balcony_with_wooden_railing.JPGThe balcony in question in McGurk was a second-floor balcony with a wooden railing. There were plants, a glass table, and chairs on the balcony. A set of stairs led from the balcony down to the sidewalk in front of the house, and there was no gate blocking the entrance to the stairs or the balcony. Notably, the balcony was not the primary entrance to the residence. At 3:15 a.m. on a summer morning, an officer walked up the stairs to the balcony where McGurk and another individual were sitting because he was searching for the source of an odor of burnt marijuana. After questioning and ultimately searching McGurk and the other individual on the balcony, the officer found marijuana, cocaine, and a large amount of cash in McGurk's possession. McGurk was found guilty after her attempts to suppress the evidence were futile, and she appealed.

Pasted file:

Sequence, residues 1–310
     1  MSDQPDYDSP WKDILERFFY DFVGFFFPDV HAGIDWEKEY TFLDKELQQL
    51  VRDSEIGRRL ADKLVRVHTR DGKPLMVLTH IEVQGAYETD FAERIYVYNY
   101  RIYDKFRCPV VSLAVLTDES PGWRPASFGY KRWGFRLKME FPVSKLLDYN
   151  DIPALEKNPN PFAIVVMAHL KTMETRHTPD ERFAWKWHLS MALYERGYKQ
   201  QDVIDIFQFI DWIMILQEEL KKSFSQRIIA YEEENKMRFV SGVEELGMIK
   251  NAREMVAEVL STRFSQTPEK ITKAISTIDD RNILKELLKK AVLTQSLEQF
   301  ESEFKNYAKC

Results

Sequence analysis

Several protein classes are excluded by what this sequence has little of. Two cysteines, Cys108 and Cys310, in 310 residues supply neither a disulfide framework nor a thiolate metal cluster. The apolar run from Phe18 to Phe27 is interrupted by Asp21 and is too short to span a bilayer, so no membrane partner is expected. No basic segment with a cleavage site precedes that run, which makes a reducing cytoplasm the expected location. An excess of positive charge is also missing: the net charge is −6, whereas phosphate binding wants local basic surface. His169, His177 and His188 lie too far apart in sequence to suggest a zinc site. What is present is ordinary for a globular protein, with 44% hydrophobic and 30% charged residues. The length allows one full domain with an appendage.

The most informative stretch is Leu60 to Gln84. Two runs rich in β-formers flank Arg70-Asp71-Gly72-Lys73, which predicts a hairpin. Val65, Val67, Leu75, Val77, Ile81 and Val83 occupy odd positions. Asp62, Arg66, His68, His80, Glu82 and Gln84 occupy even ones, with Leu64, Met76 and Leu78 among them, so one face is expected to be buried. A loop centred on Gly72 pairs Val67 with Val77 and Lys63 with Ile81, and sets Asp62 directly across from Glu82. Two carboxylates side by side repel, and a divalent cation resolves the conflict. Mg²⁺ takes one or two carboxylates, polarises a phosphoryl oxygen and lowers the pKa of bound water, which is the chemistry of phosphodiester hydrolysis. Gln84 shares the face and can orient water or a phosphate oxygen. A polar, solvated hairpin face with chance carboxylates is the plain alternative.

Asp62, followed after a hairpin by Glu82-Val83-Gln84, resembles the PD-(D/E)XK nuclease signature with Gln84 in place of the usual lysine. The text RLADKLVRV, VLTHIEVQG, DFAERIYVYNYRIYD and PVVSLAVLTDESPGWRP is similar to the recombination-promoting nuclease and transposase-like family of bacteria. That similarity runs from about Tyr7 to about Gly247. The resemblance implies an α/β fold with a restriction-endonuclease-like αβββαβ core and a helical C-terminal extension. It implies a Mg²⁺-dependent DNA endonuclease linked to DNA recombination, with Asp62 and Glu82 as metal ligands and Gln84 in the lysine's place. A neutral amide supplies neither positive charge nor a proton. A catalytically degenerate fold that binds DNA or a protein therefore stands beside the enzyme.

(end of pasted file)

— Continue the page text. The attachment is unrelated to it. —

In perhaps the most famous case addressing the protections provided by the 4th Amendment, the United States Supreme Court in Katz v. United States said that "the Fourth Amendment protects people, not places. What a person knowingly exposes to the public, even in his own home or office, is not a subject of Fourth Amendment protection. But what he seeks to preserve as private, even in an area accessible to the public, may be constitutionally protected."

The McGurk case turned primarily on an analysis of what part of the area surrounding a dwelling is part of the "curtilage" of that dwelling, and thus whether there was an expectation that the balcony in question was open to the public or preserved as private. The United States Supreme Court held in United States v. Dunn that an area is considered to be part of the curtilage of a dwelling house if it is "intimately tied to the home itself." For an area to be part of the curtilage of a home such that the 4th Amendment protections should apply, there must be a reasonable expectation of privacy. There is a two-part test to determining whether there is a reasonable expectation of privacy - an individual must demonstrate that he had an actual subjective expectation of privacy, and society must be willing to recognize that expectation as reasonable."

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August 22, 2011

Maryland Attorney Preserves Issue of Improper Jury Instruction for Appeal